SYDNEY (AFP) - Australia said it will sign an agreement to become a prospective founding member of a China-backed infrastructure bank, but continued to express concerns about how the institution is governed.
China and 20 other countries signed a memorandum of understanding last October to establish the Beijing-headquartered US$50 billion (S$68 billion) Asian Infrastructure Investment Bank (AIIB).
Britain, France, Germany, Italy and Russia have also announced plans to join, despite scepticism about the AIIB in Washington and Tokyo.
South Korea on Thursday became the latest country with close ties to the US to say it would also seek membership.
"Good progress has been made on the bank's design, governance and transparency over the past few months, but we still have issues that we will address through ongoing consultations," Prime Minister Tony Abbott, Treasurer Joe Hockey and Foreign Minister Julie Bishop said in a joint statement.
"Key matters to be resolved before Australia considers joining the AIIB include the bank's board of directors having authority over key investment decisions, and that no one country control the bank."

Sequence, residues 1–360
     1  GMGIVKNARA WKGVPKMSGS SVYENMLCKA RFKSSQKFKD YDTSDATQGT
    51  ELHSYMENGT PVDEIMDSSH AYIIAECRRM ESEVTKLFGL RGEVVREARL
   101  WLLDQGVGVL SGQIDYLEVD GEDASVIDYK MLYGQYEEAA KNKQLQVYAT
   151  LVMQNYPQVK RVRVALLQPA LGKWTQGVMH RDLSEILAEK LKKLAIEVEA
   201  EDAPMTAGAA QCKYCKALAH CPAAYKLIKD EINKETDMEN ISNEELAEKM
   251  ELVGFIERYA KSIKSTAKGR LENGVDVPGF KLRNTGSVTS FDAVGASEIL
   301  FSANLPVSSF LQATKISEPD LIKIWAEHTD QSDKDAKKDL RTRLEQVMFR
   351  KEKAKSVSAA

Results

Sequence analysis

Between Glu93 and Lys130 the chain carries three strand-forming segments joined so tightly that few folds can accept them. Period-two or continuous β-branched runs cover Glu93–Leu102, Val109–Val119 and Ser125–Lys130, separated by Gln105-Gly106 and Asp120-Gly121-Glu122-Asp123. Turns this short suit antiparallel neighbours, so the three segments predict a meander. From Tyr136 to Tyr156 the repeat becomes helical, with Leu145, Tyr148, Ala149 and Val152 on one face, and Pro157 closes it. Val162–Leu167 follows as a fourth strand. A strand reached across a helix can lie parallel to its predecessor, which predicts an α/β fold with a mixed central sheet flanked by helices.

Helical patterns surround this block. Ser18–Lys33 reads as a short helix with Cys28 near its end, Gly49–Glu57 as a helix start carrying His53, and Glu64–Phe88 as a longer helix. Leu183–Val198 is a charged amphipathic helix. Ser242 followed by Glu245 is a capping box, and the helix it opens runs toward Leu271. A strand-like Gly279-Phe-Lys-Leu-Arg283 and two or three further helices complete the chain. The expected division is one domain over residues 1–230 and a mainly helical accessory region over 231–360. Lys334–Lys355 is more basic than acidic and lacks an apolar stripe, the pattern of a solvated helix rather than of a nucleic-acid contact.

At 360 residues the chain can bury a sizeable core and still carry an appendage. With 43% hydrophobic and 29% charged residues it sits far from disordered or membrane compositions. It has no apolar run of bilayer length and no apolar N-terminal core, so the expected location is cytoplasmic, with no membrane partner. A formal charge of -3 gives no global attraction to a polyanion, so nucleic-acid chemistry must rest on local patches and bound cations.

The government said it would sign a memorandum of understanding which will allow Australia to take part in negotiations as a prospective founding member to set up the bank.
The ministers added that the AIIB "has the potential to play a valuable role in addressing infrastructure needs and boosting economic growth in the region with potential benefits for Australia".
The new multinational lender is seen as a threat to the World Bank and the Asian Development Bank, two institutions under strong US influence.
Washington has voiced concern about whether the bank would meet international governance, environmental and social standards.